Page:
2. "...The government will have to step (and print even more money) in to prevent people from starving."

    This is not the model of hyperinflation you were talking about before, where "a flood of hoarded cash comes out of hiding, entering the marketplace all at once and creating hyperinflation." This is a different scenario.

  16. Evelyn says:

    "Expensive imports will not lead to Americans starving, since America is self-sufficient in food; America exports food."

    I do not that this statement is true since most of the food that in my supermarket and in the farmers market come from some other country.

  17. Anonymous says:

    very good article and even better discussion!

    Concerning the claim that a war is good to end a depression, I would like to add that this might even true be for the victor as a war that is won could be considered a "good investment" while a lost war is certainly a malinvestment and does not create wealth. The US not only participated in the war but earlier supplied their later allies against cash and dept. Moreover, US benefited in many other ways from the war and afterwards, that need not to be discussed in great detail.

    Concerning the conditions for hyperinflation, I believe one import point, that was already raised in the discussion is the distribution of money among the people. If there are some who have all the money but do not want to consume because they are already saturated and others who do not have any money - I cannot see how the flow of money should re-start, ie. how deflation should end. Only when - by whatever means - the distribution of money is sufficiently homogenized (for instance by "helicopter money" or - certainly less pleasant - by loosing a war with complete destruction of real wealth for ALL), money velocity might gain momentum and (hyper)inflation might start.

  18. Anonymous says:

    Hyperinflation is years away if ever. The money being printed by the fed pales in comparison to the amount of dollars being destroyed by the collapse of the stock market bubble, housing bubble, consumer debt bubble, banking fiasco, etc. Most of the dollars that are currently being printed are just being used to pay down debt by the banks and are not even making it into the real economy.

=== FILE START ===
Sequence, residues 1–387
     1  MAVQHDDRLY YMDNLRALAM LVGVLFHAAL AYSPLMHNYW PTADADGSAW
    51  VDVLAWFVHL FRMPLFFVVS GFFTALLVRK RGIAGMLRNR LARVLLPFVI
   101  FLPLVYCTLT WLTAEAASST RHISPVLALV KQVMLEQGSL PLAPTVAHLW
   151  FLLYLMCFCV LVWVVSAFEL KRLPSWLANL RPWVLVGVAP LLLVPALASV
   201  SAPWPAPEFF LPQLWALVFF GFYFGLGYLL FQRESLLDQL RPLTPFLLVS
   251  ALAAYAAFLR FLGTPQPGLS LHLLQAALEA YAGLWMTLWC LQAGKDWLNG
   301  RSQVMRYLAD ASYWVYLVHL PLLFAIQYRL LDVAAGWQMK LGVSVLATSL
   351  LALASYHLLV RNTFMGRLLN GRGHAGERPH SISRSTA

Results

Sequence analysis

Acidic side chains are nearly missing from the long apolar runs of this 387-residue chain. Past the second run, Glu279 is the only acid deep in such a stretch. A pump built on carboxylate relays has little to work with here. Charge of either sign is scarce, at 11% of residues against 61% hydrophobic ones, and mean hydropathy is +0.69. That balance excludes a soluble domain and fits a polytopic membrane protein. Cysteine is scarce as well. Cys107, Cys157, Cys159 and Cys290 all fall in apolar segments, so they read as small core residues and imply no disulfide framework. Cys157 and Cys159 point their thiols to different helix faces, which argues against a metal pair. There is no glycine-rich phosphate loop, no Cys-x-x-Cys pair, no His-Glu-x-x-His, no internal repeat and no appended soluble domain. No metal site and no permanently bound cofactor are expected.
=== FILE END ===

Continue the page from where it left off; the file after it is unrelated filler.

The consumer is starting to get ready for the coming depression. The consumer is done and any extra money is being used for savings or to pay down debt. The is the beginning of a deflationary spiral that is going to last for several years.

  19. Anonymous says:

    I find many kernals of value in all of the coments. It is quite possible that velocity falls and deflation and failing industrial production pushes the world into depression. It is also probably true that at some point this reverses and the velocity spikes and hyperinflation (due to many countries juicing thier money supply to solve the problem) comes into play.

    The real fact is that recent years and decades are similar to a tight rope walker in good balance in calm and predictable conditions. When the winds begin to blow or the wire is shaken he (or she) begins to wobble and tries to self correct. Unfortunately the self corection often makes the situation more unmanagmenable- unless of course the wind becomes calm and the wire taut- resulting finally in a fall.

    Unfortunately, I fear that the global economic condition we have created is not going to calm itself soon, and any quick fix in this wind will result in a fall.

    The long term outcome of this is that the wealth creation machine that ran amonk is probably going to need to reboot via severe clensing of the system and most probably a complete reprogramming of the mechanics of finance, goverment and (gasp) regulation.

    I fear that the average person and probably many people of above average means will suffer a severe fall in their standard of living and financial security.

    Similar to a hurrcane that is outside the control of anyone on earth, we must accept our fate and persevere untill the changes (which are beyond our control) have taken hold and the winds calm in the aftermath.

    I predict a decade or more of instability. Unfortunately there is not much any one can do when the winds start to increasingly blow.

    All the economic theories, goverment control and policies and investment advice are sticks in the wind compared to the complex and powerful (and imperfect) economic system we have created.

  20. "Hyperinflation is years away if ever. The money being printed by the fed pales in comparison to the amount of dollars being destroyed by the collapse of the stock market bubble, housing bubble, consumer debt bubble, banking fiasco, etc. Most of the dollars that are currently being printed are just being used to pay down debt by the banks and are not even making it into the real economy."

    Let me ask you this: have even once thought about the other side of the equation? That is, have you thought about the US's economic output?

    When financing for our trade deficit falls through, our economic output will shrink by more than 75%. Do you believe that the money supply is going to shrink by more than 75%, even with all the money the fed is printing? Because unless it does, deflation is impossible.

    Also, unless you haven't noticed, the US manufactures less consumer goods then a third world nation. In third world nations, this usually means a terrible standard of living. In the US, this means we borrow money from China so we can buy cheap toys at Wal-Mart. Can you see how a period of deflation (ei: period of debt DESTRUCTION) might be a problem for a nation which DEPENDS ON DEBT to maintain its standard of living? Or do you believe the US can magically maintain its standard of living without debt or a real manufacturing sector? Is China going send us stuff for free?